Debt-to-Income Ratio

The debt to income ratio is a formula lenders use to determine how much money can be used for your monthly mortgage payment after you meet your various other monthly debt payments.

How to figure your qualifying ratio

Usually, underwriting for conventional mortgages needs a qualifying ratio of 28/36. FHA loans are less restrictive, requiring a 29/41 ratio.

In these ratios, the first number is how much (by percent) of your gross monthly income that can go toward housing. This ratio is figured on your total payment, including homeowners' insurance, homeowners' dues, Private Mortgage Insurance - everything that makes up the full payment.

The second number in the ratio is the maximum percentage of your gross monthly income that should be applied to housing costs and recurring debt together. For purposes of this ratio, debt includes credit card payments, auto/boat payments, child support, and the like.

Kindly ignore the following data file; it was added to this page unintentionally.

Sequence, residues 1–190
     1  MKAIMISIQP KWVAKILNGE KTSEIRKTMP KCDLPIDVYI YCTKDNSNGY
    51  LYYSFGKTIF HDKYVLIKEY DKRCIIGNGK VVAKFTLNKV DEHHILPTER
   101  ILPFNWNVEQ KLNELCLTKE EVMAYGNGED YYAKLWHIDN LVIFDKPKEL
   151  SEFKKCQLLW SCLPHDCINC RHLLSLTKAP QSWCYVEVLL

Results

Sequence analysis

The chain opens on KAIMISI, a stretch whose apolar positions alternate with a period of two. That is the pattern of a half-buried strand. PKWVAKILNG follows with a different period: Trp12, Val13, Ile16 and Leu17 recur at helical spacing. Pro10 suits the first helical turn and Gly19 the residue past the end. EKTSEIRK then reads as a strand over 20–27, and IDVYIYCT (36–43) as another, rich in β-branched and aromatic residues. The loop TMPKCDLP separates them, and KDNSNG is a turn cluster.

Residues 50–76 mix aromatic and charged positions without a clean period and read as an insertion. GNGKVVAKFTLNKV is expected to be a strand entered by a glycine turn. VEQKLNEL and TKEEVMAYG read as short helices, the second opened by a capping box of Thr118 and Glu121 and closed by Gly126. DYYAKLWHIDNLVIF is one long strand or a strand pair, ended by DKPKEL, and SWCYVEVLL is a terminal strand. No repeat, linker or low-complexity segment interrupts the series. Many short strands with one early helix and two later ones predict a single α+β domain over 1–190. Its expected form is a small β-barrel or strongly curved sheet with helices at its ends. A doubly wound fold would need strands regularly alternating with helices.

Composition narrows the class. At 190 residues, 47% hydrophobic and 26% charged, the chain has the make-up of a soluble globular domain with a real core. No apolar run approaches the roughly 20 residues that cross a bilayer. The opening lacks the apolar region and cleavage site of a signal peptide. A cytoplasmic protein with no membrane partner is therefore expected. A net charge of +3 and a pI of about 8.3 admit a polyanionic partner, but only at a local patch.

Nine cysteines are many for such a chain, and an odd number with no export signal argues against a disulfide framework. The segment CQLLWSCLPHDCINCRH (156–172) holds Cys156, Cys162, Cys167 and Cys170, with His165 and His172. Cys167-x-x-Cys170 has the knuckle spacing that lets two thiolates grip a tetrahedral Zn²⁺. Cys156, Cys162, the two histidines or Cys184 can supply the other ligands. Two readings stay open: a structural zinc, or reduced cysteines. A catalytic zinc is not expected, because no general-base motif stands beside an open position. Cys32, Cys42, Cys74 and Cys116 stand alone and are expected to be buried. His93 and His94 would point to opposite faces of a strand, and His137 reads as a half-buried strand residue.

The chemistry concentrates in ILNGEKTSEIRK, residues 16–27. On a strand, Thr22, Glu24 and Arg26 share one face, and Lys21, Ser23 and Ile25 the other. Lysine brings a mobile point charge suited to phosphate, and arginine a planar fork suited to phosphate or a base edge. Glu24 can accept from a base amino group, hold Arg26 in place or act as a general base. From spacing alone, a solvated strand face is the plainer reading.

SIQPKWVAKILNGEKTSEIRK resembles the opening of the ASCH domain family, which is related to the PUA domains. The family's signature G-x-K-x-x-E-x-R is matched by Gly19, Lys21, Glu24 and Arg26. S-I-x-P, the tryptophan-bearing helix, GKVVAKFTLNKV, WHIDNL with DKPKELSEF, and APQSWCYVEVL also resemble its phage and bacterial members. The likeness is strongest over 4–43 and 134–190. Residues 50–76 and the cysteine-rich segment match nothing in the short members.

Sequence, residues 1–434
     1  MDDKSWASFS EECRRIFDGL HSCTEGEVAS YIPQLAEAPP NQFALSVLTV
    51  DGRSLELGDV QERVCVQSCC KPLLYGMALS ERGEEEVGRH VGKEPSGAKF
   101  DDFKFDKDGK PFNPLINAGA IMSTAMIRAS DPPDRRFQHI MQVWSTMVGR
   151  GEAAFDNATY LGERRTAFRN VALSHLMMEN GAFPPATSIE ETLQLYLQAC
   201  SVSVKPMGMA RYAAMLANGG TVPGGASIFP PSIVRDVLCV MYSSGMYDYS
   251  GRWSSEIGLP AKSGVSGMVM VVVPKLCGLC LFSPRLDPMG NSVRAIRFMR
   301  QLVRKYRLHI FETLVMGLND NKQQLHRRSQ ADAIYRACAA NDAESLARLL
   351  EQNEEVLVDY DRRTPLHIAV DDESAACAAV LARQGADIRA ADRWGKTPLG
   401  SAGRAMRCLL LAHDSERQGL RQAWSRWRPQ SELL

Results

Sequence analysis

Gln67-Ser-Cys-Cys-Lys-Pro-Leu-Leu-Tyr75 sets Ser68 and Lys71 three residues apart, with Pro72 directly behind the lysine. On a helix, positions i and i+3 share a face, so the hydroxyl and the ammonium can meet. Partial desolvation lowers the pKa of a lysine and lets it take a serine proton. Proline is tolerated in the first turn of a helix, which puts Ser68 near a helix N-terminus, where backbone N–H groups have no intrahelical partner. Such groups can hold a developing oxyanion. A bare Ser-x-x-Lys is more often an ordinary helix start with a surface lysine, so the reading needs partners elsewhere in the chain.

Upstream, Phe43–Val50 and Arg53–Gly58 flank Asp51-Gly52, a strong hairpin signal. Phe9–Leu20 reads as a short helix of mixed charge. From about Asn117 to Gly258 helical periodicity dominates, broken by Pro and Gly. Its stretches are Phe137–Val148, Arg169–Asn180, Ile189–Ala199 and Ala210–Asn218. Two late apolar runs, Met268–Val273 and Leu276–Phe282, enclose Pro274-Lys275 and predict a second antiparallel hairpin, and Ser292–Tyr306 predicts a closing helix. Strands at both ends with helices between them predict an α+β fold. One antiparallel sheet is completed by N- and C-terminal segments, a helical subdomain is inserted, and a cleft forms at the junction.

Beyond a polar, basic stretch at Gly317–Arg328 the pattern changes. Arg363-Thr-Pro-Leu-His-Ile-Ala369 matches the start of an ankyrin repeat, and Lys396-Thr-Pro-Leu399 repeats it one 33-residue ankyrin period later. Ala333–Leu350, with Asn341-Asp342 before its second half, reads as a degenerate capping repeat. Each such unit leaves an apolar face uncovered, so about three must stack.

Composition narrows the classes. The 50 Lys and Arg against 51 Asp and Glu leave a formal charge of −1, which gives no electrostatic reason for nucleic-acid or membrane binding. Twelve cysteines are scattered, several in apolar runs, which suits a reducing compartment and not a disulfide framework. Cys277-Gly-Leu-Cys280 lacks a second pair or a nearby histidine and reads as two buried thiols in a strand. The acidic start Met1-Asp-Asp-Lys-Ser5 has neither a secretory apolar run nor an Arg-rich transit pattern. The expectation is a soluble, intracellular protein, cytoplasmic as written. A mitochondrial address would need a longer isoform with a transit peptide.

Some example data:

28/36 (Conventional)

• Gross monthly income of \$3,500 x .28 = \$980 can be applied to housing
• Gross monthly income of \$3,500 x .36 = \$1,260 can be applied to recurring debt plus housing expenses

With a 29/41 (FHA) qualifying ratio

• Gross monthly income of \$3,500 x .29 = \$1,015 can be applied to housing
• Gross monthly income of \$3,500 x .41 = \$1,435 can be applied to recurring debt plus housing expenses

If you'd like to run your own numbers, use this Mortgage Loan Pre-Qualification Calculator.

Just Guidelines

Don't forget these are only guidelines. We will be happy to go over pre-qualification to help you figure out how much you can afford.